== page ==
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CMU Researchers Find Google's New Congestion Control Algorithm Does Not Treat Data Fairly


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Even when adding more users to the network, Google's algorithm does not release any bandwidth.

Carnegie Mellon University researcher have found that a new congestion control algorithm developed by Google may compete unfairly with other services on overloaded networks.

Credit: www.mamlaw.net

Researchers at Carnegie Mellon University have shown that a new congestion control algorithm (CCA) developed by Google may compete unfairly with other services on overloaded networks.

The new BBR algorithm would take up to 40% of the bandwidth of a given network, leaving the remaining 60% to be split between the other parties on the network.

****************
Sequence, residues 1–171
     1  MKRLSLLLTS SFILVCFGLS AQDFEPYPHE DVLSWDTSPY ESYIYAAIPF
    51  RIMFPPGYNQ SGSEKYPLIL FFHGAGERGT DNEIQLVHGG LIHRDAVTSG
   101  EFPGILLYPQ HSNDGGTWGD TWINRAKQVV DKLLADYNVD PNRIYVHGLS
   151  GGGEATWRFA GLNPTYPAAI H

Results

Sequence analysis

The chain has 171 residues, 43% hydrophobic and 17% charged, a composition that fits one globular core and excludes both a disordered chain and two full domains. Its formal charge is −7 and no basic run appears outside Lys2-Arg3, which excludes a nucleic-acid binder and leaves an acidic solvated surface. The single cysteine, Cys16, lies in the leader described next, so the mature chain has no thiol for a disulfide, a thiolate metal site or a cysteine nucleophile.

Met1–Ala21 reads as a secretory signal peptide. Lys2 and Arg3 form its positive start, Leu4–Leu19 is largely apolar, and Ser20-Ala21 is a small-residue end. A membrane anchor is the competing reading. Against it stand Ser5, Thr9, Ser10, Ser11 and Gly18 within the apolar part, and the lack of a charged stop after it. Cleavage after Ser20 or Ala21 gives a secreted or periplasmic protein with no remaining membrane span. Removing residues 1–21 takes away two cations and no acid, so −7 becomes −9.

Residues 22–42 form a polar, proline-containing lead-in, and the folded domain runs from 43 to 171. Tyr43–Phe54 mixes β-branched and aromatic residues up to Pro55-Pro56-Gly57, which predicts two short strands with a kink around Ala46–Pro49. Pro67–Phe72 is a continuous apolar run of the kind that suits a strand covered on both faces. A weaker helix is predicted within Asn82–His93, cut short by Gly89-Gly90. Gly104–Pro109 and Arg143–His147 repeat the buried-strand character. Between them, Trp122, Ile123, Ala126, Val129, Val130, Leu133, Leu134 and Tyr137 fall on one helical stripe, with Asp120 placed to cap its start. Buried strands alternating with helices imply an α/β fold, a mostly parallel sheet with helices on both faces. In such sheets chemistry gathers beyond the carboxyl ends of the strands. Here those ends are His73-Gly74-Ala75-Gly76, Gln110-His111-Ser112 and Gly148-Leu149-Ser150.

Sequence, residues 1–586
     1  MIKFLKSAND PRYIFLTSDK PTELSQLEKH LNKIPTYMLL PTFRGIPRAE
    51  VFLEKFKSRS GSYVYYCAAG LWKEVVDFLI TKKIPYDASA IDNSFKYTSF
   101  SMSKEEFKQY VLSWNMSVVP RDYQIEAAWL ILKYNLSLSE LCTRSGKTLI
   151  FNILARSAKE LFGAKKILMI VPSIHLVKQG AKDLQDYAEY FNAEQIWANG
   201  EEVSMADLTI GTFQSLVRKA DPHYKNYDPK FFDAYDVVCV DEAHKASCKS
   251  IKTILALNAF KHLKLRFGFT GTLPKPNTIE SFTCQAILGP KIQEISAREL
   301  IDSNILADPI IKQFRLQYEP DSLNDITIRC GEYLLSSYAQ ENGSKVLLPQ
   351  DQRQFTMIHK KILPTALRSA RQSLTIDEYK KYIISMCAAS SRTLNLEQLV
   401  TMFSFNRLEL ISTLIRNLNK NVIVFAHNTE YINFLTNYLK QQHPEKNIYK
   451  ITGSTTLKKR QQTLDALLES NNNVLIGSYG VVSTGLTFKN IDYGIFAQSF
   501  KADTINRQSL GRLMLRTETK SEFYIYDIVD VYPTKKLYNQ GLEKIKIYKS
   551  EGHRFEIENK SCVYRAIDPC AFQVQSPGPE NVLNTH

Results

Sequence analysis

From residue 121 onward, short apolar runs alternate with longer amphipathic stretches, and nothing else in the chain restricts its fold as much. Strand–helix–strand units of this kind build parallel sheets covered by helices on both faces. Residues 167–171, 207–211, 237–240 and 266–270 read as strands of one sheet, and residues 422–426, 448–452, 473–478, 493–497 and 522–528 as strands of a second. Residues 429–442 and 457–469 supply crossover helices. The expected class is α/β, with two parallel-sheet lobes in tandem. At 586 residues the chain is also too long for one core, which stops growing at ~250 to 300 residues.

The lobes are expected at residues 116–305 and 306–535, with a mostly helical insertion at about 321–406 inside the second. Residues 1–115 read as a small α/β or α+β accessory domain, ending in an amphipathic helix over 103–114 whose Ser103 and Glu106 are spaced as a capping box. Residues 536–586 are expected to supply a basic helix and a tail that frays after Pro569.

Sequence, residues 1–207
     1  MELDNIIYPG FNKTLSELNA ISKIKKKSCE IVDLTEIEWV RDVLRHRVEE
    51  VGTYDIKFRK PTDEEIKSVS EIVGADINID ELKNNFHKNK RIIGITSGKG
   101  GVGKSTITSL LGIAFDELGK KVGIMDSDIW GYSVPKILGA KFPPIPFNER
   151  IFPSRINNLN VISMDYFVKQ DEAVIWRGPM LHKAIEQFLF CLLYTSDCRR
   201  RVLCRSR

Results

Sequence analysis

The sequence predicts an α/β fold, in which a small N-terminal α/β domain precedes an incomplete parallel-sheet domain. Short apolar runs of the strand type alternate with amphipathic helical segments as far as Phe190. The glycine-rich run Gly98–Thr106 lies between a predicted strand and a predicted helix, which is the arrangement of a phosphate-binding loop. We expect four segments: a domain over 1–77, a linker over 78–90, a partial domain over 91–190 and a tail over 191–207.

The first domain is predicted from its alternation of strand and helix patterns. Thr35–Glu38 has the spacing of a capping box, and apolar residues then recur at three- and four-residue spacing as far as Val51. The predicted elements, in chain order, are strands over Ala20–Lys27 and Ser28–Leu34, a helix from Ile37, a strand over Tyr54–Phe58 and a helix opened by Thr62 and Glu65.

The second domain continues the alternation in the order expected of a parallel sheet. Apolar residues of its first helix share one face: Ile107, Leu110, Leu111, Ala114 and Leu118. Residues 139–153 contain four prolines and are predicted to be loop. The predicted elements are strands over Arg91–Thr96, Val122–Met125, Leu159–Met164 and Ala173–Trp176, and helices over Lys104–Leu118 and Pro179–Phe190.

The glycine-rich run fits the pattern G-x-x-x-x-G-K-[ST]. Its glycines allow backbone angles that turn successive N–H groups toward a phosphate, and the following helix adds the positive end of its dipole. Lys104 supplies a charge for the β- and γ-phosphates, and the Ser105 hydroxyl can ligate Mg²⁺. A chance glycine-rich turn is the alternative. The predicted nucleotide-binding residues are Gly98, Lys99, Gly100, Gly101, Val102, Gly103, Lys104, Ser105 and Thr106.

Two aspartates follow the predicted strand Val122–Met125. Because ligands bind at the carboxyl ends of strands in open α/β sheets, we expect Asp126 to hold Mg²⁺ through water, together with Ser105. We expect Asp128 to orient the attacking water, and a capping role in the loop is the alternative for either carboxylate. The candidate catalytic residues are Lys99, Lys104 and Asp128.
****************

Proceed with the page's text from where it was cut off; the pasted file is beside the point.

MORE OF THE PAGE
When only two users are sharing the network, BBR takes its normal 40%, but as more users are added to the network, BBR keeps its 40% and leaves the rest to be divided up into smaller and smaller portions.

From Carnegie Mellon University CyLab Security and Privacy Institute
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Abstracts Copyright © 2019 SmithBucklin, Washington, DC, USA


 

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